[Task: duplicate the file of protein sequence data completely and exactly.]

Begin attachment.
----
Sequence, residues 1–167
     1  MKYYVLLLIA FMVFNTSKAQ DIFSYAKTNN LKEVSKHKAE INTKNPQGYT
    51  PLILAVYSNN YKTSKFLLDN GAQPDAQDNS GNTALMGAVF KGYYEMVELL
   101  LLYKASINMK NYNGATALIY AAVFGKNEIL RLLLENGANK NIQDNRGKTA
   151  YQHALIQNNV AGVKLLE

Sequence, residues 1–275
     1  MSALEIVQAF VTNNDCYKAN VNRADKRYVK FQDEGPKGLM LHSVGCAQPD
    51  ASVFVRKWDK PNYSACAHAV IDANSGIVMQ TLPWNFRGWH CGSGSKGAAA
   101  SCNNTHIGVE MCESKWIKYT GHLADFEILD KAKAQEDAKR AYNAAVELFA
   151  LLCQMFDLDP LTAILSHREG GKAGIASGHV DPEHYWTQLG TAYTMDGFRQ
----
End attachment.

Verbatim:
Sequence, residues 1–167
     1  MKYYVLLLIA FMVFNTSKAQ DIFSYAKTNN LKEVSKHKAE INTKNPQGYT
    51  PLILAVYSNN YKTSKFLLDN GAQPDAQDNS GNTALMGAVF KGYYEMVELL
   101  LLYKASINMK NYNGATALIY AAVFGKNEIL RLLLENGANK NIQDNRGKTA
   151  YQHALIQNNV AGVKLLE

Sequence, residues 1–275
     1  MSALEIVQAF VTNNDCYKAN VNRADKRYVK FQDEGPKGLM LHSVGCAQPD
    51  ASVFVRKWDK PNYSACAHAV IDANSGIVMQ TLPWNFRGWH CGSGSKGAAA
   101  SCNNTHIGVE MCESKWIKYT GHLADFEILD KAKAQEDAKR AYNAAVELFA
   151  LLCQMFDLDP LTAILSHREG GKAGIASGHV DPEHYWTQLG TAYTMDGFRQ